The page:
regular human seasonal flu and include fever, fatigue, lack of appetite and coughing
(see Symptoms). Some people with swine flu have also reported runny nose, sore
throat, nausea, vomiting and diarrhoea.

How long are symptoms expected to last?

As with any sort of influenza, the severity and duration of symptoms will vary
depending on treatment and individual circumstances. Most cases reported in the UK
to date have been relatively mild, with those affected starting to recover within a
week.

How does swine flu cause death?

Like any other type of flu, people can die from swine flu if they develop
complications, like pneumonia.

Will the swine flu virus become resistant to antivirals?

It is possible. The virus may mutate (change) and become less susceptible or resistant
to the antiviral drug. If the virus does develop resistance, it’s more likely to be to
Tamiflu, the main antiviral treatment. If this happens, the government has a stockpile
of Relenza that could be used instead.

Should we expect a more severe second wave of the pandemic in the winter?

It is possible that the current viral strain will become more widespread in the winter or
will mutate to cause increased infection, although these risks cannot be directly
quantified. The government continues in its ‘hope for the best, plan for the worst’
approach, which has acknowledged the possibility of a more severe wave in the
winter from the first outbreak of swine flu.

Is it possible to catch swine flu twice?
Yes, because the virus can mutate (change). If you become infected with the swine flu
virus, your body produces antibodies against it, which will recognise and fight off the
virus if the body ever encounters it again. However, if the virus mutates, your immune
system may not recognise this different strain and you may become ill again, although
you may have some 'cross protection' due to encountering a similar virus previously.

Should I try and catch swine flu now, so I will be immune to more serious strains
that may emerge later?

No – it is irresponsible to purposefully catch the virus as you may perpetuate the
spread. Also, as we don't yet know the profile of the virus, it is too soon to assume it
is only a mild infection. And catching swine flu will not necessarily protect you from
strains that may emerge later

What can I do?

You can reduce, but not eliminate, the risk of catching or spreading swine flu by:

      Always covering your nose and mouth with a tissue when coughing or
       sneezing.
      Disposing of dirty tissues promptly and carefully.
      Maintaining good basic hygiene, for example washing hands frequently with
       soap and warm water to reduce the spread of the virus from your hands to
       face, or to other people.
      Cleaning hard surfaces, such as door handles, frequently using a normal
       cleaning product.

Who should be wearing a facemask?

The Health Protection Agency (HPA) recommends that healthcare workers should
wear a facemask if they come into close contact with a person with symptoms (within
one metre) to reduce their risk of catching the virus from patients.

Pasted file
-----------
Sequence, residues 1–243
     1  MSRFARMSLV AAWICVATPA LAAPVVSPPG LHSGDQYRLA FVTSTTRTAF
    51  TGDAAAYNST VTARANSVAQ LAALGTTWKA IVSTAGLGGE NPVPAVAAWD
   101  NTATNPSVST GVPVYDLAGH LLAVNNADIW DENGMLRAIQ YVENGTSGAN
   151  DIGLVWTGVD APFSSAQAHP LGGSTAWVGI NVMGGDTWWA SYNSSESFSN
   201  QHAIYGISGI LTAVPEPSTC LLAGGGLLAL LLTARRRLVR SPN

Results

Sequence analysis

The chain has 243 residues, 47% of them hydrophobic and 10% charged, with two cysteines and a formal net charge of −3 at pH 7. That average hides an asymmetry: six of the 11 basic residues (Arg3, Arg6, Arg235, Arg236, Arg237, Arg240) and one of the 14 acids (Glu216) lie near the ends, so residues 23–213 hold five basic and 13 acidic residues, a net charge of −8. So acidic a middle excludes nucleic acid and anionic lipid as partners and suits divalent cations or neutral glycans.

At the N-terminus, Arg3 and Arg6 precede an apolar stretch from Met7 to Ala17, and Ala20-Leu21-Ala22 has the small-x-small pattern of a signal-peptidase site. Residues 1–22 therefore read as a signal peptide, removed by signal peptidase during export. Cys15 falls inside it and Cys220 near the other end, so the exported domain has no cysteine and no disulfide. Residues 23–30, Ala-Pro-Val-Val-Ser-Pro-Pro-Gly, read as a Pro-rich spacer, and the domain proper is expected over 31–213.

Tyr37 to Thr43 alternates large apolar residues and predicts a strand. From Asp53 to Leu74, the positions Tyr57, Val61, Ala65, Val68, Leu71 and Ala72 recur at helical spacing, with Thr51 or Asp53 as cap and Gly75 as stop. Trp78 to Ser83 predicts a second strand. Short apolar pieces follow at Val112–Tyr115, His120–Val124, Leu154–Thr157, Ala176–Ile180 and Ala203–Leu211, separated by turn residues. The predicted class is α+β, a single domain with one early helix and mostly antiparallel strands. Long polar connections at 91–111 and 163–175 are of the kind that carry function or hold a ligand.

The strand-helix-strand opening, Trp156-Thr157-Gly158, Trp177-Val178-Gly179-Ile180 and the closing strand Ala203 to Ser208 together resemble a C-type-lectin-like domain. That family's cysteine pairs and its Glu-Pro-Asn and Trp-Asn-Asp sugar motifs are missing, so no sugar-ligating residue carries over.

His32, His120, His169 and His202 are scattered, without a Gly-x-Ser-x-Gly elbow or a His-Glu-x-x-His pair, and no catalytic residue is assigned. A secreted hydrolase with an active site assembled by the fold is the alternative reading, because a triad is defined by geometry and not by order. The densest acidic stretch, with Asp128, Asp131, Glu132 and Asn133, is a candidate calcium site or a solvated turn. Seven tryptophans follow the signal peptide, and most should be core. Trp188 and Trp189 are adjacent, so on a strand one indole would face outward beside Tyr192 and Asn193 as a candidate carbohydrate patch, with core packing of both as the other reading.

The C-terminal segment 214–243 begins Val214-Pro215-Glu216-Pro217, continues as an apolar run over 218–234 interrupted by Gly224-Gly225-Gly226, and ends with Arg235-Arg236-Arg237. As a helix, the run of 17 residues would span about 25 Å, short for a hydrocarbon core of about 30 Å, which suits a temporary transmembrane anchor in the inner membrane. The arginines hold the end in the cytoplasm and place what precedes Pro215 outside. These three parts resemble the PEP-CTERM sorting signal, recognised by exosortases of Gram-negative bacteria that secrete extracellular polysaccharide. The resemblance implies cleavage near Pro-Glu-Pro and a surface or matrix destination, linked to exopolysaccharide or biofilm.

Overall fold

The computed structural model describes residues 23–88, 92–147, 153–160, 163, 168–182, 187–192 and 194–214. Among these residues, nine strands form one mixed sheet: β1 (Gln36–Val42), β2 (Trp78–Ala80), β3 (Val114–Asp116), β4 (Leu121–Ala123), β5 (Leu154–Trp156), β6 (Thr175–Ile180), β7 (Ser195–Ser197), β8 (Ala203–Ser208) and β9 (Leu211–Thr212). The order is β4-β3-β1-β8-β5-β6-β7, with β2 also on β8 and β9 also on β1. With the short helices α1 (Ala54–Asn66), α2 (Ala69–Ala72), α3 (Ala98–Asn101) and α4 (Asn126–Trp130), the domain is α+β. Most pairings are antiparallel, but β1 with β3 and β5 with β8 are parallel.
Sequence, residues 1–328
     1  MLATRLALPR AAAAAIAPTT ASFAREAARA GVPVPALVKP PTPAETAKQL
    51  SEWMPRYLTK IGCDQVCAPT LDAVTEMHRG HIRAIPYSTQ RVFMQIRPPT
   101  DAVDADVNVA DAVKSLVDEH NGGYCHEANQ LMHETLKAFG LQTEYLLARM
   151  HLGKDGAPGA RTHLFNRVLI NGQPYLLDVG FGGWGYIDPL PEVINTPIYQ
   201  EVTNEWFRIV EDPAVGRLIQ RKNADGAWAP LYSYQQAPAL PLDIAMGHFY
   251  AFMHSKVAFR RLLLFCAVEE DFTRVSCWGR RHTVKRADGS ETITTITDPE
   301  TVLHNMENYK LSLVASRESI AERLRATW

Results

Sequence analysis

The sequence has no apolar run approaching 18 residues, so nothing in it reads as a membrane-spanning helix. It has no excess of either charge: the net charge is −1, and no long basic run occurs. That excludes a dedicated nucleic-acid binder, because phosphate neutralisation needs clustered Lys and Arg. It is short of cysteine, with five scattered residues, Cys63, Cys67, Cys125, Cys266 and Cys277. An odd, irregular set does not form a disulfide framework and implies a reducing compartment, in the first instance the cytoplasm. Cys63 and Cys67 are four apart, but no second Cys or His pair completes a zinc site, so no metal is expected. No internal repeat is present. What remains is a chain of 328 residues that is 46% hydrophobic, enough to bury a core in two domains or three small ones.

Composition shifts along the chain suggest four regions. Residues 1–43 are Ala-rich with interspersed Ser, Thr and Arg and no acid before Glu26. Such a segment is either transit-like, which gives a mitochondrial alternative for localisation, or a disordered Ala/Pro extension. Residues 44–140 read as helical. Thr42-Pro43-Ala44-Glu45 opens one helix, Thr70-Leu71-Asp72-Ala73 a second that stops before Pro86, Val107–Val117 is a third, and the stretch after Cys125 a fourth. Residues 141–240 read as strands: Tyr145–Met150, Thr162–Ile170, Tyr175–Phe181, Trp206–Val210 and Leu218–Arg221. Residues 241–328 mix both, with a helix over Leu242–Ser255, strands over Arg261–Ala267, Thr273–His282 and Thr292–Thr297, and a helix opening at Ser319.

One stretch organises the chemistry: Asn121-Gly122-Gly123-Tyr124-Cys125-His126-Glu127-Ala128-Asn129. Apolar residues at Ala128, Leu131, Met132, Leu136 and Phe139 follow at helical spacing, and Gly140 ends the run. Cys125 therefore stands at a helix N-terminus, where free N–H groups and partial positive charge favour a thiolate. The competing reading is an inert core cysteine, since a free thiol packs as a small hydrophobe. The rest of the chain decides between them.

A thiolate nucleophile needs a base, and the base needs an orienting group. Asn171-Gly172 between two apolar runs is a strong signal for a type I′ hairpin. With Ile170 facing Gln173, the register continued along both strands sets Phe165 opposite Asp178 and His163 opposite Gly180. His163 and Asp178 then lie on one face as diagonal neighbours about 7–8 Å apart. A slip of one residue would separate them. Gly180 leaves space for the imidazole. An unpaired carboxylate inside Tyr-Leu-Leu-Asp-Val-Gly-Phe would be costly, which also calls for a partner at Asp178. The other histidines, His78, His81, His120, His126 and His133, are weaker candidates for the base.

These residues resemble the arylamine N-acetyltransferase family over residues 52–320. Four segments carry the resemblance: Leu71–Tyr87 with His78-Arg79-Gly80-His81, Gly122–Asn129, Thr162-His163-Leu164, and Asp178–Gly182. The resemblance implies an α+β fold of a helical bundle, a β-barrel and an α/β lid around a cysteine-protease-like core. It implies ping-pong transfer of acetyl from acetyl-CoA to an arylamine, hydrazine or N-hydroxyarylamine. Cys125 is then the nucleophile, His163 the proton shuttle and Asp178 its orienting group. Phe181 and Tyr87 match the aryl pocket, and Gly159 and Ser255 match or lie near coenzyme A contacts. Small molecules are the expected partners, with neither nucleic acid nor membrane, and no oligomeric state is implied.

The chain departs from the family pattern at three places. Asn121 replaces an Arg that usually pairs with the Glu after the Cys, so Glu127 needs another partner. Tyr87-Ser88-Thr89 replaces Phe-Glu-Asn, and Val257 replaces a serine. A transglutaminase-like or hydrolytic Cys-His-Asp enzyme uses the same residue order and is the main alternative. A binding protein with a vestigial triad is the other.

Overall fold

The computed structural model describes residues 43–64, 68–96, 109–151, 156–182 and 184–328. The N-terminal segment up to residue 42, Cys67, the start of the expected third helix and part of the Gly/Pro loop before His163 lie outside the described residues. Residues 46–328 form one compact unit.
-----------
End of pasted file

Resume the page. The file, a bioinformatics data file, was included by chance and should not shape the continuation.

However, the HPA does not recommend that healthy people wear facemasks to go
about their everyday business.

Why shouldn't the general public wear facemasks?

Because there’s no conclusive evidence that facemasks will protect healthy people in
their day-to-day lives.

The virus is spread by picking up the virus from touching infected surfaces, or by
someone coughing or sneezing at very close range – so unless you are standing close
to someone with the virus, wearing a facemask will not make a difference.

There are concerns about the risks posed by not using facemasks correctly.

Facemasks must be changed regularly as they are less effective when dampened by a
person’s breath. People may infect themselves if they touch the outer surface of their
mask, or may infect others by not disposing of old masks safely.
Finally, wearing a facemask may encourage complacency. People need to focus on
good hand hygiene, staying at home if they are feeling unwell, and covering their
mouth when they cough or sneeze.

What should I do if I think I’m infected?

If you have flu-like symptoms and are concerned because you think you have been in
contact with someone who may have swine flu:

      Stay at home.
      Check your symptoms if possible (links to external site)
      Call the Swine Flu Information Line on 0800 1 513 513 to hear the latest
       advice

If you are still concerned, call your GP or NHS Direct on 0845 4647.

Do not go into your GP surgery, or to a hospital, as you may spread the disease to
others. Ask your flu friend to go out for you.

If I have been in close contact with an infected person, do I need treatment?

This depends on whether or not you live in an area of the UK that is experiencing a
higher number of cases than others (presently London, the West Midlands and parts of
Scotland).

In areas with a relatively high number of cases, it will be less effective to give
antivirals to people who are not ill, as they will be repeatedly exposed to the virus in
the community. Therefore, if you live in such an area, you may only be given